This 13-Year-Old Earns Five Digits A Month! Here's Her Parents' Tips On Raising A Teenage CEO
Most businesses started at a young age are glossed over because people assume seed money was given by parents. But in the case of Given Mendoza, a 13 year old CEO who owns and manages G’s KPop Kilig in Baguio, her parents did not fund her business.
Instead, they supported her when she had the idea of setting up a physical store—despite their own hesitations. And since day 1, they’ve raised their daughter Given to be money smart which is why it’s no surprise that she’s already become entrepreneurial at a young age.
Given is a Grade 8 student who turned her love for BTS and KPop into a business that is earning up to five digits a month.RELATED: At 15, This YouTube Content Creator Bought Her Family A House Worth P1M
Smart Parenting got a chance to talk to her parents, Juvy and Diego San Miguel, since Given was busy preparing for her exams during the time of the interview.ADVERTISEMENT - CONTINUE READING BELOW
We asked the San Miguels, how do you raise a young CEO?
Money management at a young age
Tweens and teens are usually busy mingling with friends, but Given already started a business. “She really wasn’t like other kids na sobrang naglalaro. She was focused on her studies at a young age,” Juvy said.ADVERTISEMENT - CONTINUE READING BELOWRecommended Videos
Though money management sounds complicated, Juvy shared this as their foundation with Given’s business-mindedness. They started teaching her the value of money and the importance of saving at a young age.
Since she’s often included in her class’ top achievers, Juvy and Diego would reward Given monetarily. “We didn't pressure her to be on top, it was just natural for her and we wanted to give her a reward for doing a good job,” Juvy said.
Even if it is a reward or a monetary gift from relatives, the San Miguel’s rule is to save 50%.
“Of course, at first, she was hesitant, like, why should I save half of my money? But later on, she realized it was for her own good,” Diego, Given’s dad chimed in.ADVERTISEMENT - CONTINUE READING BELOW
This habit started when Given was young and she continues to practice it now that she is old enough to receive an allowance.
“I guess she understood the value of money. She didn’t really want to buy brand new clothes in the mall. Namamahalan siya. And since maraming ukay-ukay dito sa Baguio, that’s where she buys her clothes,” Juvy said.
How she got her seed money for the cafe
Juvy also shared how Given got her initial capital for her first business. She saved all the monetary gifts Gwen received when she was a baby, all the Christmas and birthday gifts, and eventually gave it to her daughter when Given was 10 years old.ADVERTISEMENT - CONTINUE READING BELOW
Given decided to buy a bulk of ukay-ukay clothes and then sold it online. This was her first business venture at 10 years old.
Although her income from the ukay-ukay was not yet sizable, Given moved on to another income-generating project. Since she also does graphic design, she created digital artworks and sold it online as well. She earned roughly $5 per artwork.Later on, Given immersed into KPop and BTS and bought different merch. “Naisip niya one day, parang sayang ang pera kasi tinititigan niya lang yung mga merch, which is quite expensive,” Juvy shared. Given then tried selling her merch and buys again, so that her money rotates.
This gave her the idea that KPop merch is a good business and she wanted to have a physical store.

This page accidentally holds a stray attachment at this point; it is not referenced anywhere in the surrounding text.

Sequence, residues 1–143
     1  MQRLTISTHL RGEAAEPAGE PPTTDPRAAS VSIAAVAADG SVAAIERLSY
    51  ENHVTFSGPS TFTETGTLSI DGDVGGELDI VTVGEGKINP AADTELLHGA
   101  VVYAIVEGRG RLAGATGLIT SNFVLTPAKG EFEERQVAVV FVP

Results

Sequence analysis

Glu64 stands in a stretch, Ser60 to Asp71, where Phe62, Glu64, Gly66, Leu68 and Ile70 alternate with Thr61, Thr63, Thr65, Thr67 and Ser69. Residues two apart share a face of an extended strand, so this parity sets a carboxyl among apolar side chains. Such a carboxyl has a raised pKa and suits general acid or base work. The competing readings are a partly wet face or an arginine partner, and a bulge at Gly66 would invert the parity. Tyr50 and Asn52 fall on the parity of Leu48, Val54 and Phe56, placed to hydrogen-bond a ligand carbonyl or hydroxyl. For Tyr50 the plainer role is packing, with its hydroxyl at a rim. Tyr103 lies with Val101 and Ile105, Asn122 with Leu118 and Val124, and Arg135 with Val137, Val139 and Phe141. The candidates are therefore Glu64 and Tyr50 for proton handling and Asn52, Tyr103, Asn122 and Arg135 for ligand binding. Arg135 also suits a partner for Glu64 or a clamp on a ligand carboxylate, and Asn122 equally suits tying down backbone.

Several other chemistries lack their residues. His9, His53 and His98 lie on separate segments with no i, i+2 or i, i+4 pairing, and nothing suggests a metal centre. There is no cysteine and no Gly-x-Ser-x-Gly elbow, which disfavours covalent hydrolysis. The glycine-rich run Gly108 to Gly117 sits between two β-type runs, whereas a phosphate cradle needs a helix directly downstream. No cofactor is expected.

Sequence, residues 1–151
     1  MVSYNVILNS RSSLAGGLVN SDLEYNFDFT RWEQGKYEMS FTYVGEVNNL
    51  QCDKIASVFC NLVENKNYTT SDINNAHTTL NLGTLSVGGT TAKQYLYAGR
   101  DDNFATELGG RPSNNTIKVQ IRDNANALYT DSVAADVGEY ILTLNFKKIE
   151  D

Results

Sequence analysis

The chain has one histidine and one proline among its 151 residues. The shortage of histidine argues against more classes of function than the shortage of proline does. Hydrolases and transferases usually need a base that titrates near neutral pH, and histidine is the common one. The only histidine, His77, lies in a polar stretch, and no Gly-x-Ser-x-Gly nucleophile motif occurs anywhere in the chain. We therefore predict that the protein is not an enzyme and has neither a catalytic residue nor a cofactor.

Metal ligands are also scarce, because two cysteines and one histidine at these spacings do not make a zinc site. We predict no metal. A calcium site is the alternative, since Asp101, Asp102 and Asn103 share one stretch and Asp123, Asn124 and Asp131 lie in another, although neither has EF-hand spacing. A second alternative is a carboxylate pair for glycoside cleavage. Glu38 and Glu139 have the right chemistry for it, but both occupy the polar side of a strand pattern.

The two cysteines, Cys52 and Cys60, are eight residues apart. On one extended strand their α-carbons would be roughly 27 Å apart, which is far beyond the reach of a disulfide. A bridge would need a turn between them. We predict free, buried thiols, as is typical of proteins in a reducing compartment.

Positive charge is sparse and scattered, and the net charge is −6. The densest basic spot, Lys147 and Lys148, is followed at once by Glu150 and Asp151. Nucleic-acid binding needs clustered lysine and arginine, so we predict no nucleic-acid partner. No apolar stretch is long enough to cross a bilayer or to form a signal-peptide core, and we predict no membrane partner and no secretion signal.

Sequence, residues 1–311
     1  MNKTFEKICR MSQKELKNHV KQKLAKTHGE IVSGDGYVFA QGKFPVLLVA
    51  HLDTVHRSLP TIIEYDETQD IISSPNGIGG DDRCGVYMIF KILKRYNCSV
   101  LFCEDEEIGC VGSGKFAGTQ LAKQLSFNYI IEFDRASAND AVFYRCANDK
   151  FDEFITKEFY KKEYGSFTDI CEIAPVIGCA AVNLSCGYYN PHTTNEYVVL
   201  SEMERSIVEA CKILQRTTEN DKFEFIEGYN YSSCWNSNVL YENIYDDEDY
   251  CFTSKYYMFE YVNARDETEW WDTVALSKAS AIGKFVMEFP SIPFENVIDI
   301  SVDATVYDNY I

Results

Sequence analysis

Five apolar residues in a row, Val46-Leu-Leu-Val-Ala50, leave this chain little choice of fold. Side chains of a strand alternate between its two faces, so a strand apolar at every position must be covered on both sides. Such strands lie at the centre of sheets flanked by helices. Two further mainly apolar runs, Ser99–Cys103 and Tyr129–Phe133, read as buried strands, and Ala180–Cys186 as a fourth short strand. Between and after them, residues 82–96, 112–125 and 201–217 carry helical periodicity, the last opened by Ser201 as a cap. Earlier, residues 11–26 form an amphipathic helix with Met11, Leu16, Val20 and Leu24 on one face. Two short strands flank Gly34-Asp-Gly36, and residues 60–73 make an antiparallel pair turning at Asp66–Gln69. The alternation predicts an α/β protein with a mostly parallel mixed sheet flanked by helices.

“I was really hesitant at first. Hindi ko maisip kung seryoso ba talaga siya, kasi 12 years old pa lang siya noon eh,” Juvy shared, as she remembers how Given insisted on having a physical store of her KPop merch.ADVERTISEMENT - CONTINUE READING BELOW
But when she discerned that Given really wanted it, they computed all her earnings from graphic design and savings, and decided to go for it. G’s Kpop Kilig cafe started in 2022.
“It wasn’t like this at first. She and her Dad were walking our streets noon, giving out flyers so the cafe can be known,” she said as she recalled their first days.
And contrary to the negative comments they receive, Given’s capital for her business was purely from her hard work and savings, not from her parents.ADVERTISEMENT - CONTINUE READING BELOW
What’s the secret to raising a business-minded child?
“Treat them like adults,” that’s Juvy and Diego’s prompt answer to the question, “What’s the secret?”
“We didn’t really think of her being an entrepreneur at a young age. What we really wanted for her is to be independent and ready for life,” she continued.Juvy and Diego still apply this philosophy to Given’s younger siblings, ages four and five. Here are a few of their tips for raising independent and confident children:
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- Teach independence at a young age, starting with cleaning up after their own mess.
- Don’t be overprotective of their feelings, instead, let them feel their emotions even if it’s heartbreaking sometimes.
- Discipline also means talking to them and explaining to them what is right and wrong.
- Allow them to express their creative side.
- Encourage and guide them when they make mistakes.
- Be firm about rules.
- Respect is two-way, avoid micro-managing kids.
- Don’t forget to enjoy and indulge.
- Pray every day together as a family.
RELATED: Japanese Kids Going On Errands Alone Inspires Pinoy Parents To Raise Independent Kids
Juvy and Diego truly raised an independent and confident child capable of making her own decision, which turned out to be a successful venture.
If there’s one thing Juvy and Diego always tell Given and her younger siblings, “Do what you love while you’re young.”
True enough, Given pours her heart out into something that she loves!
And as the Koreans say, Fighting!'
See more of G's Kpop Kilig here!
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